Burr: No intention to rewrite CIA torture report
Posted January 6, 2015
Updated October 30, 2015
Washington — Republican U.S. Sen. Richard Burr, the incoming chairman of the Senate Intelligence Committee, said Tuesday that he won't try to rewrite the report issued last month cataloging brutal interrogation tactics used by the CIA operatives on suspected terrorists although he strongly disputes portions of the report.
The so-called torture report accused the CIA of misleading Washington leaders about what it was doing with its "black site" captives and deceiving the nation about the effectiveness of its techniques.
The report was the first public accounting of tactics employed after the Sept. 11, 2001, terrorist attacks, and it described far harsher actions than had been widely known. Tactics included confinement to small boxes, weeks of sleep deprivation, simulated drowning, slapping and slamming and threats to kill, harm or sexually abuse families of the captives.
Burr called the report, which was released by Sen. Diane Feinstein, a California Democrat and former Intelligence Committee chairwoman, political in nature and said it never should have been released.
"The report was very much a one-sided production," he said in an interview with WRAL News. "It is, to some degree, a misrepresentation of what happened."
Although he contends Feinstein's investigation was far from complete, Burr said he has no plans to revisit the issue, noting that the CIA already is making changes in its interrogation practices.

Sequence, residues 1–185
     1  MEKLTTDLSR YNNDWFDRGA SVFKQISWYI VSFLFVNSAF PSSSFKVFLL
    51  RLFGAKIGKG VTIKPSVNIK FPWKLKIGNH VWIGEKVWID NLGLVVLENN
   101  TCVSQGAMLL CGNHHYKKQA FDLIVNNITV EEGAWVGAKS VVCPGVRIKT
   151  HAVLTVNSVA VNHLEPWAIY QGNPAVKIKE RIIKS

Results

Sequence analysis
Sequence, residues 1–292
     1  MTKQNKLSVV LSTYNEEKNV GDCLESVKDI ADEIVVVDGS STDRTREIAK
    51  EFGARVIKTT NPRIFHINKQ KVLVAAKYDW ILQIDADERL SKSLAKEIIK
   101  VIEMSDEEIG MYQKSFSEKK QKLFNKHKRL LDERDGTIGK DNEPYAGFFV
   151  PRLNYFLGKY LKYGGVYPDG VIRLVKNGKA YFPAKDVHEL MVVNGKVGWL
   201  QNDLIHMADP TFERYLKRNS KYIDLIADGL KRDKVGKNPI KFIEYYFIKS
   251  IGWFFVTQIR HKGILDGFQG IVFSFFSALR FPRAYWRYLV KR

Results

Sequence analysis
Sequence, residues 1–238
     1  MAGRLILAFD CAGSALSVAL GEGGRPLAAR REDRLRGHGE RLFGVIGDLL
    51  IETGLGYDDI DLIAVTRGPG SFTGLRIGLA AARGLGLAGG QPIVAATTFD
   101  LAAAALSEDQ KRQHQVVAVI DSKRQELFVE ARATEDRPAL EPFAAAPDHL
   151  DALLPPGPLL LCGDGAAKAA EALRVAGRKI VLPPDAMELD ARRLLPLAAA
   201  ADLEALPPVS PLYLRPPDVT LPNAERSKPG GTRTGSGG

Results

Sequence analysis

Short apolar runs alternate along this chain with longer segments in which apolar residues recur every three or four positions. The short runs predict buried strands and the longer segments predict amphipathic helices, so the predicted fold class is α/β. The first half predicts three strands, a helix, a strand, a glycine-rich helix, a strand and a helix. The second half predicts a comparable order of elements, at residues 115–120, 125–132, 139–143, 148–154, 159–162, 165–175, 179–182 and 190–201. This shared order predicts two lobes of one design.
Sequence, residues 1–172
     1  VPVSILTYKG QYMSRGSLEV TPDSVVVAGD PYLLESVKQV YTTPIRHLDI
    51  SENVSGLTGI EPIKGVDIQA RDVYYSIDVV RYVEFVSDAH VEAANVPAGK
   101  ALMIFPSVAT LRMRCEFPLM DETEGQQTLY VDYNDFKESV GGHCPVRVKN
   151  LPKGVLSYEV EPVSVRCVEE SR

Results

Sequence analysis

"To have an end chapter of a book and go back and try to write the preface to it and other chapters is a mistake," he said. "I want to look forward and do oversight in real time and not oversight that goes 10 years back."
Burr, who accompanied freshman U.S. Sen. Thom Tillis to his swearing in on the floor of the Senate, said he looks forward to Republican leadership in the new Congress.
"It's comforting to know that any piece of legislation that comes out of the House will get the attention of the United States Senate," he said, predicting more bipartisan efforts in the coming two years than have been evident in recent years.
"The judgment of the American people will be on, can Republicans govern," he said. "This will be a defining two years for the '16 elections."
Burr said he plans to focus on regulatory reform and other measures designed to boost job creation and any changes to the Affordable Care Act that would get the backing of President Barack Obama.
"(We need) to make sure it works for the American people in a positive way, not a negative way," Burr said of the health care law.